I’ve been reading some of your stuff since we became friends, and I remember seeing where you work now. Of course I wondered how your journey led you there, because all of this is so interesting.

    I live a very spoiled, lavish, American life. I’m grateful, but not grateful enough. I’m so humbled by what I’ve read here. God bless you my friend… and keep writing. Hugs! 🙂


  5. 8 nelson RN
    March 25, 2011 at 6:49 pm

    Hi LINDA, thanks for this comment! When you come from a poor family in the Philippines, it is a common goal to get a job that would help his or her own family, before getting married. I helped my parents make my two younger brothers graduate from college, before I decided to start my own family. I guess I wouldn’t be very comfortable if I just carried on with my life after I finished my studies, and forget about my family. Even up to now, I still send monthly allowance to my parents 🙂

    I was glad to have experienced working early in life. I got to mature early, and I was able to understand that life is not at all, a bed of roses. I’ll probably write something more about how I got here on my work later on – since I have at least ONE who is interested to know! Thank you, Linda, for making me feel good about myself and my past. God bless you always!


  6. 9 nelson RN
    March 26, 2011 at 12:04 pm

    Malou Puntero Gedang, Bernadette G Bautista, Elizabeth Callangan, Ann Regadio and Shirwelyn Escutin Gonzales like this.

    Malou Puntero Gedang – Very nice and inspirational story. I’m proud to have you as my nephew, successful in his chosen career, a very good son to his parents and a loving husband to his wife and son. Doctors get all or most of the glory, but to my mind nurses should get at least an equal share there and you deserve all the best! May God continue to bless you and your family.
    Thursday at 6:23pm


  7. March 26, 2011 at 9:04 pm


    It’s great for me as a physician to hear about your nursing life. You inspire me with your generosity and dedication, and also with your enthusiasm for life. I admire the courage it takes to write (which you do in a moving way) in a language that isn’t your native tongue. Blessings.


  8. 11 nelson RN
    March 27, 2011 at 1:26 am

    Hi WOLF PASCOE, thanks for leaving some lines! English is indeed a second language and I know you can sense that with the way I write… but thanks for the complement!


  9. June 7, 2011 at 1:03 pm

    I feel what you felt right now, we may not have the same field of expertise but I know what it’s like to be there in just trying to pass Nursing, right. LOL But you know what, it’s not only when I was already in senior year that I realized that I really wanted to be a Nurse. And the same with you, I don’t have any regrets at all.


    • 13 nelson RN
      June 20, 2011 at 5:19 am

      Good for you! Currently, there are so many fresh grads who regrets taking the course, as they could not find a job back home. I hope they find their respective places soon 🙂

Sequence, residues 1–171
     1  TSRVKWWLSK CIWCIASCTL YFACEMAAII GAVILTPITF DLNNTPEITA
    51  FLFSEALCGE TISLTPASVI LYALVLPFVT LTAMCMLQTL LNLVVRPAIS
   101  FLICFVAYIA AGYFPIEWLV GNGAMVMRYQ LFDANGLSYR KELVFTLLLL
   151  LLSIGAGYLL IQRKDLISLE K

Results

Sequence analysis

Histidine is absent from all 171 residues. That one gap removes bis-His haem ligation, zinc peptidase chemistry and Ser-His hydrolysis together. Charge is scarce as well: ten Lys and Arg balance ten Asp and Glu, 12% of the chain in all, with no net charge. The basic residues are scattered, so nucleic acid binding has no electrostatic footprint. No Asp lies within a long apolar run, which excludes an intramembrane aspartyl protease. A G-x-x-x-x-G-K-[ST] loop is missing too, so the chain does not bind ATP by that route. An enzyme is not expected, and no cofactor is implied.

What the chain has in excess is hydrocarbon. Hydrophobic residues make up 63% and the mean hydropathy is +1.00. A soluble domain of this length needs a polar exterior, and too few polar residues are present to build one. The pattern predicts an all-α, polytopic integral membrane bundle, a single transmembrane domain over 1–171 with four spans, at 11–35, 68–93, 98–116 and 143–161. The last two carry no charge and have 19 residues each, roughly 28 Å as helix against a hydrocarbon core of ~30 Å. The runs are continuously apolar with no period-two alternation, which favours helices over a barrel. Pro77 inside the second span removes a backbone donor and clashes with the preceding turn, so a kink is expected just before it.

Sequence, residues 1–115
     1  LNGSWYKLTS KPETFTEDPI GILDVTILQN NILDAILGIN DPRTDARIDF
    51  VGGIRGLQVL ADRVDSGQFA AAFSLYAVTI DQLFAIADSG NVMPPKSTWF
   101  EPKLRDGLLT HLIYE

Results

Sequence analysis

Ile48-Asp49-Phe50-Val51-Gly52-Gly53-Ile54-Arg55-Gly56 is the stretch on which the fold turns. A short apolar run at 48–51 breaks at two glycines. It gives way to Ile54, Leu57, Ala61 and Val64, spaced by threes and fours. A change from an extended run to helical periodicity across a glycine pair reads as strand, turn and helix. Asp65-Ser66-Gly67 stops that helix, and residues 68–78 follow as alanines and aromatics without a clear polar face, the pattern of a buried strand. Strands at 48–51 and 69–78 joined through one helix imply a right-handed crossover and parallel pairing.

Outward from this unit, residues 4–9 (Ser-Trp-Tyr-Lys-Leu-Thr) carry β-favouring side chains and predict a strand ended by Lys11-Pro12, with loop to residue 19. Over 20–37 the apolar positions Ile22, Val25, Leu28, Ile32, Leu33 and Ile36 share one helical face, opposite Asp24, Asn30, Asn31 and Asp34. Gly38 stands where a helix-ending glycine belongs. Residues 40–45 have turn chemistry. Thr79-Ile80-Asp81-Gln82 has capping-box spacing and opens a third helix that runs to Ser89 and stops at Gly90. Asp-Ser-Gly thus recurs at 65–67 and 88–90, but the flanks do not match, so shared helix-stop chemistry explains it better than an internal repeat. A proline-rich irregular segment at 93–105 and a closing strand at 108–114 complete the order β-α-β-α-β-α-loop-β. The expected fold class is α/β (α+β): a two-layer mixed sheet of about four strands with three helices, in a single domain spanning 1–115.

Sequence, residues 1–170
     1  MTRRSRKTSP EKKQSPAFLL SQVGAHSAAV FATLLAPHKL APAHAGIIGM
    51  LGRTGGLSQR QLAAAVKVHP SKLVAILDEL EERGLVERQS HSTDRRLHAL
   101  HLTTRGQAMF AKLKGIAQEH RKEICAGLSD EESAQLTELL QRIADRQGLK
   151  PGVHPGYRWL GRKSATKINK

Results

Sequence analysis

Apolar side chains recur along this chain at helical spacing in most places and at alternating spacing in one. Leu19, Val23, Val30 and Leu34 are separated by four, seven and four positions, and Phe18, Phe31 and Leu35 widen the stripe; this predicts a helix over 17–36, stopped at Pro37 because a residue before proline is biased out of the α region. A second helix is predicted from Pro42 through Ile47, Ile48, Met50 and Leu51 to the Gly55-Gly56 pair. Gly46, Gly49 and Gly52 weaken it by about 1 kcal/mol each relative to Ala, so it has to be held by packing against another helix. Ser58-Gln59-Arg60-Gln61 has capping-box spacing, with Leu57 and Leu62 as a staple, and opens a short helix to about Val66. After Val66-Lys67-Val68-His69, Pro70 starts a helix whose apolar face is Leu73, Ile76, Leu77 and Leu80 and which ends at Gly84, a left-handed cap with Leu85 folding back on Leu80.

10. June 7, 2011 at 4:14 pm

    nursing really is a noble profession + admire those who aspire to be one, i know that it entails a lot of hardwork + endless sleepless nights, but it is good to know that it be well worth it in the end, kudos to you!


  11. June 9, 2011 at 2:18 am

    Your post is inspiring, people who get tired of working (like me sometimes) should read this. My work isn’t that stressful but I complain. How much more other people who have more demanding jobs?


    • 17 nelson RN
      June 9, 2011 at 9:00 am

      That is very true, Dorothy! Sometimes we just have to be thankful that we have a decent job. Others are still struggling to get one.


  12. June 11, 2011 at 9:52 pm

    Happy for you, Sir! Hmmmmm… It was too late for me to find out that the profession is not for me. I salute people like you who are still there and pursuing the career.

    Thanks for sharing your story.

    Have a nice day!


    • 19 nelson RN
      June 12, 2011 at 10:10 pm

      Awww… sorry to hear that… Maybe you are inclined to do some other things. I hope you already found the career that’s best for you 🙂


  13. June 15, 2011 at 5:38 pm

    This one is something I would definitely remember for life. Whenever I ask nurses about their feelings towards their professions, and whenever I am in the mood for stories, advice, and insights related to this, the answers I usually get are, “wala lang,” or “okay naman,” and a lot of times, “tiring, but I will have a lot of money when I go to the US.”

    It’s stories like yours that help me stay on track. Because nowadays all I ever hear is about the oversupply of nurses, unemployed, underpaid nurses, and all the negative views of others upon this profession. But I often find it so nice to read these things. I want to thank you for sharing something like this. Keeps me sane 🙂